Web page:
The demand for transparency from the professional peloton has never been greater, writes Al Hinds.
7 Apr 2015 - 11:32 PM  UPDATED 13 Apr 2015 - 3:38 PM

Firstly, let me say there is no honour among thieves.

Differentiating, your Ryder Hesjedal's from your Lance Armstrong's, your Riccardo Ricco's from your Matt White's is like splitting hairs. Where there was intention to cheat, rationalising one person's justifications versus another is a fool's errand.

Where we can find at least some point of difference is in the way riders, team managers, stakeholders address their pasts. Where the ultimate interest is in full and total transparency, where the lies are laid to rest, where we can close a case and move on. Whether these people stay in the sport or not is another matter, but transparency is a minimum requirement for cycling's current and future health.

Garmin-Sharp boss Jonathan Vaughters would disagree with none of this. He, and his team, have prided themselves on their transparency, their co-operation with authorities in the lead-up to the Reasoned Decision, and their commitment to being part of the process of cleaning up the sport. All very laudable.

But there's a degree of opaqueness in this transparency that sits uncomfortably with those that follow the team, and particularly where it comes to Hesjedal, who admitted to doping in a brief statement Wednesday after revelations surfaced in an extract of Michael Rasmussen's book that he'd showed the Canadian how to dope in 2003.

It emerged later that Hesjedal had already spoken to the USADA and the CEC and admitted as much in a series of interviews earlier this year. Vaughters has gone further, admitting that he was aware of Hesjedal's past even before that. Hesjedal, like Stuart O'Grady, has now gone to ground. We haven't heard a peep from him since last week. Isn't that, as my colleague Philip Gomes wrote, its own sort of omerta?

"... but from a team policy standpoint, our policy has always been that people are open, honest, and truthful to anti-doping authorities," Jonathan Vaughters told VeloNews last week. "And Ryder accomplished that a long time ago to the satisfaction of us."

Sure JV, but what about the rest of us? Anonymous confessions, redacted names, and bridled sanctions. Did any of that really, as it was intended open up cycling's omerta - or was it simply a means to bring down Lance Armstrong and others? Garmin-Sharp has led the way in reforming cycling's pervasive doping culture, and yet the key issue that's stilted our progression forward, transparency, isn't addressed. To bastardise George Orwell in Animal Farm, it seems not all transparency is equal.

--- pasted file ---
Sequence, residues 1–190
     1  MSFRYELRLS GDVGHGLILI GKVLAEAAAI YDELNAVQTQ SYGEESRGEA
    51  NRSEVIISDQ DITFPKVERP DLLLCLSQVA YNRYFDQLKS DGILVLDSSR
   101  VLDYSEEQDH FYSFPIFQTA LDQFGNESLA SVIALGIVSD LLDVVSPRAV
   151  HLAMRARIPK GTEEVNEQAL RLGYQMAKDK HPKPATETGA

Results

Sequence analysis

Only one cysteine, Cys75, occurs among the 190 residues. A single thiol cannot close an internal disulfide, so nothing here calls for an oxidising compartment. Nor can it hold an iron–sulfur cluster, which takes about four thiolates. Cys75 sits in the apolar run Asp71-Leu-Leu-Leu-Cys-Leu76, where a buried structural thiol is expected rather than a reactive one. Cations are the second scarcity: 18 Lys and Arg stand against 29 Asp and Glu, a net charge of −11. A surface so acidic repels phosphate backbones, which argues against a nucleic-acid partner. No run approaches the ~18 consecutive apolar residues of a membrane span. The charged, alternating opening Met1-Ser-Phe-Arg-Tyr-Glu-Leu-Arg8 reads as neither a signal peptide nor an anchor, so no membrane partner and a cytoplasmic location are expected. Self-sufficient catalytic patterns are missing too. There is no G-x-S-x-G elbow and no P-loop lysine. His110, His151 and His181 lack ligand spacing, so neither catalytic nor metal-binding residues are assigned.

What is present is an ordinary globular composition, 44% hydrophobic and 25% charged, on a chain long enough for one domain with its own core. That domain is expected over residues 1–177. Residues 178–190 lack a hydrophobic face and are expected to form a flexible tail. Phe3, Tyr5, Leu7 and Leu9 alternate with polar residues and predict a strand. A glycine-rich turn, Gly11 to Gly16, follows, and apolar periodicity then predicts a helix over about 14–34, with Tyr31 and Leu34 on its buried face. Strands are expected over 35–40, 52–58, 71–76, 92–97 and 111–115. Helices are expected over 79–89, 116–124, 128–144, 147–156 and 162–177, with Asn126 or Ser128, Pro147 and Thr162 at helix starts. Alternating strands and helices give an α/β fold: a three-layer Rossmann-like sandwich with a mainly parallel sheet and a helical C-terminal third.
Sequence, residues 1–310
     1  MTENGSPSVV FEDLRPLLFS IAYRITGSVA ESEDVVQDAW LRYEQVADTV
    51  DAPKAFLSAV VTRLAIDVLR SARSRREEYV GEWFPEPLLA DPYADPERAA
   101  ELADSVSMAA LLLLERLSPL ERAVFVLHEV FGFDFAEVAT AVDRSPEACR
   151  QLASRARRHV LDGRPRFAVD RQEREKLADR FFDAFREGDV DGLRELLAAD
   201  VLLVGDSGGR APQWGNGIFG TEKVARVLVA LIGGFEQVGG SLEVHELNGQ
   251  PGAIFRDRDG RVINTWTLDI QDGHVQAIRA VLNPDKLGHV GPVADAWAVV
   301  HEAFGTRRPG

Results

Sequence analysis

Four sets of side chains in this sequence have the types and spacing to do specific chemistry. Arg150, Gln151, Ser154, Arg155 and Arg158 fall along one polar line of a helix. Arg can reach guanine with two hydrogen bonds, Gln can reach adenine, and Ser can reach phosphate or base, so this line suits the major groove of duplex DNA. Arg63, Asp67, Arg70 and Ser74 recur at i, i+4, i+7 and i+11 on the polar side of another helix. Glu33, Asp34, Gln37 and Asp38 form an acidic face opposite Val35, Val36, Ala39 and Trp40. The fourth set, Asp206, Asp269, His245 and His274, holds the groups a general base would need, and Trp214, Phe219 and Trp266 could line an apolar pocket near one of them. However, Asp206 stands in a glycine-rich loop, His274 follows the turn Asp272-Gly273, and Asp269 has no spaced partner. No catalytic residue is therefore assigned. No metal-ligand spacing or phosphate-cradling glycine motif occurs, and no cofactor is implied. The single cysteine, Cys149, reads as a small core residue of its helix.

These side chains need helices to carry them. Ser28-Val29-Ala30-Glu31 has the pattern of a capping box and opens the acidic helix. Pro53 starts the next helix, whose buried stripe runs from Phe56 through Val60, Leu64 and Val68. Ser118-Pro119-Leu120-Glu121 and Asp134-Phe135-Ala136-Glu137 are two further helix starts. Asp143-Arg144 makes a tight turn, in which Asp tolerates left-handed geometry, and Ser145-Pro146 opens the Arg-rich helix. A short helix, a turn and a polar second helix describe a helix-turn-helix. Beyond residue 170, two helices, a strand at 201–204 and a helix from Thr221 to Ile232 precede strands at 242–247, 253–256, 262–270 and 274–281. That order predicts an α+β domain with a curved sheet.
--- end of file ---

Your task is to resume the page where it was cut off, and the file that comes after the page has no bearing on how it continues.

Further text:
Compare Hesjedal to the man who outed him, Michael Rasmussen. The Dane is a pariah, and made a mockery of the 2007 Tour de France, but in the last 12 months, you really can't fault him for his no-BS dealings with the public. He came forward in January (albeit after years of denying as much), took questions in a public press conference, gave a full and total confession to the Danish Federation and has now published a book in which he doesn't hold back.

Hesjedal was last week's bombshell, but Rasmussen even before his book has hit public outlets has unleashed a few more loads of shrapnel today. All of his 2007 Tour de France team was on the juice. For those that don't have encyclopaedic memories that means the now-retired Oscar Freire, Juan Antonio Flecha and Denis Menchov were all allegedly doping in 2007, as was Pieter Weening.

Impossible of course, because we all know that all doping stopped in 2006, after Puerto.

Weening is the only rider to still be an active member of the professional peloton with Orica-GreenEDGE, and is now in a very difficult situation considering the allegation, if true, would be sanctionable as it stands within the WADA's eight year statute of limitations. Like Garmin, Orica-GreenEDGE also prides itself on transparency and its anti-doping stance. Over the summer of 2012-2013 the team conducted its now shelved Vance Review in a bid to pre-empt another Matt White landmine being stepped on.

Among the most important recommendations was for the team to address the pasts of several of its current riders and staff with its own reconciliation process. That didn't go ahead.
An extract from the Vance Review.

Which made it rather awkward for the team when Stuart O'Grady fell to the French Senate. And even more awkward now with Pieter Weening, who unlike O'Grady, hasn't "retired", and has recently re-signed with the team for two more years. How will Orica-GreenEDGE handle Rasmussen's allegations? Deny, or go on the front foot, and be pro-active? Transparency is the gold standard.

I'm not singling out Garmin-Sharp and Orica-GreenEDGE because I have some sort of vendetta against them, but rather, because I hold both teams to a higher standard. Both teams have espoused themselves as crusaders in the anti-doping fight, and yet in so many ways they continue to disappoint.

The cycling public don't like to be treated like goldfish. We're aware of the sport's history, and of the depth of its problems in the last decade. If stuff happened, own it, don't pretend it never happened. Be consistent. Be transparent. Be willing to face up to the hard questions and hard truths. It shouldn't take a Michael Rasmussen to bring this sort of stuff to the surface.